Prosthetic leg uses AI to adjust to different terrains 

It can tell the difference between grass and cement and adjust accordingly.

For a person with a lower limb amputation, walking with even the most basic prosthetic leg is typically easier than walking without it. However, walking up stairs or across uneven terrain with a passive lower-limb prosthetic can be incredibly challenging.

Robotic prosthetics, with powered joints, can help overcome those challenges, while artificial intelligence (AI) can take artificial limbs one step further, giving them the ability to sense what a wearer is about to do.

Researchers from the University of Michigan unveiled an AI-powered prosthetic leg in 2019 that could sense the contractions in its wearer’s muscles to know if they planned to start walking up stairs or down a ramp.

Now, a team from North Carolina State University has developed a computer vision system that gives a prosthetic leg the ability to not only “see” what’s ahead, but also calculate its level of certainty in that prediction.

A Prosthetic Leg with Computer Vision

For their study, published in the journal IEEE Transactions on Automation Science and Engineering, the NC State researchers taught an AI to see the difference between six types of terrain: tile, brick, concrete, grass, “upstairs,” and “downstairs.”

To train the AI to predict where it was headed, they walked around both inside and outdoors, while wearing cameras mounted on eyeglasses and on their own legs.

“We found that using both cameras worked well, but required a great deal of computing power and may be cost prohibitive,” researcher Helen Huang said in a news release.

“However, we also found that using only the camera mounted on the lower limb worked pretty well — particularly for near-term predictions, such as what the terrain would be like for the next step or two,” she continued.

The team designed their system to work with existing prosthetics — just add a camera. While they’ve yet to actually test it on a robotic prosthetic leg, they plan to do that next, as well as refining the system.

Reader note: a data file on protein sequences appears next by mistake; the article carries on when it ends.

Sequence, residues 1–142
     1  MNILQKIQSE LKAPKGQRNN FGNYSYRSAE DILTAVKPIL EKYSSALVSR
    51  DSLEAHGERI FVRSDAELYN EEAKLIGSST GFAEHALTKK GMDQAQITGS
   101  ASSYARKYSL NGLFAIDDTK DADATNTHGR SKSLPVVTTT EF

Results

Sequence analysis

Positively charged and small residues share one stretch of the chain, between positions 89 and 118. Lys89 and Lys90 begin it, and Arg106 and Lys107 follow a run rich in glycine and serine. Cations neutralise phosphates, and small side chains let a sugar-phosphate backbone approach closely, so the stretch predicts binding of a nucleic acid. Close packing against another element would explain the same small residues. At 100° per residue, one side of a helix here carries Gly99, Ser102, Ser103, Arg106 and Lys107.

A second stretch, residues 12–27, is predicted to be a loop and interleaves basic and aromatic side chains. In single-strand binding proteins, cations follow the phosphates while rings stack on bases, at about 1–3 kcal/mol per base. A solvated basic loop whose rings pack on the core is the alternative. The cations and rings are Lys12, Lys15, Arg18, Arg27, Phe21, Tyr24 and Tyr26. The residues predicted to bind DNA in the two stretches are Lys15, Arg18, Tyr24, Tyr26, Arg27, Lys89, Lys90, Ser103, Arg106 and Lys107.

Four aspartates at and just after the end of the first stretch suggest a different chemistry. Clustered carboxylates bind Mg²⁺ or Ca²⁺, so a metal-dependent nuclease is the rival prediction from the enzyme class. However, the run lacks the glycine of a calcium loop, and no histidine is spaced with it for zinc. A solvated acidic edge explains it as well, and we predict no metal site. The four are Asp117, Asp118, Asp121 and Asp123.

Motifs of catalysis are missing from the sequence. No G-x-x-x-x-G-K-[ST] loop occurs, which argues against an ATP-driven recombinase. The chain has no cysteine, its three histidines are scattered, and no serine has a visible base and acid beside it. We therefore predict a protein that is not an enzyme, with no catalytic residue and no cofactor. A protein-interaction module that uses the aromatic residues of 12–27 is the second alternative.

“We’re planning to work on ways to make the system more efficient, in terms of requiring less visual data input and less data processing,” researcher Boxuan Zhong said.

Factoring in Uncertainty

While a computer vision system that can predict what’s ahead of a prosthetic leg wearer would be impressive on its own, the NC State researchers gave their AI an extra ability: it makes a prediction, then calculates its level of certainty in that prediction and uses that to decide how to adjust its behavior.

“If the degree of uncertainty is too high, the AI isn’t forced to make a questionable decision — it could instead notify the user that it doesn’t have enough confidence in its prediction to act, or it could default to a ‘safe’ mode,” Zhong said.

The researchers believe this ability to factor in uncertainty could make their AI useful for applications far beyond prosthetics.

“We came up with a better way to teach deep-learning systems how to evaluate and quantify uncertainty, in a way that allows the system to incorporate uncertainty into its decision making,” researcher Edgar Lobaton said. “This is certainly relevant for robotic prosthetics, but our work here could be applied to any type of deep-learning system.”

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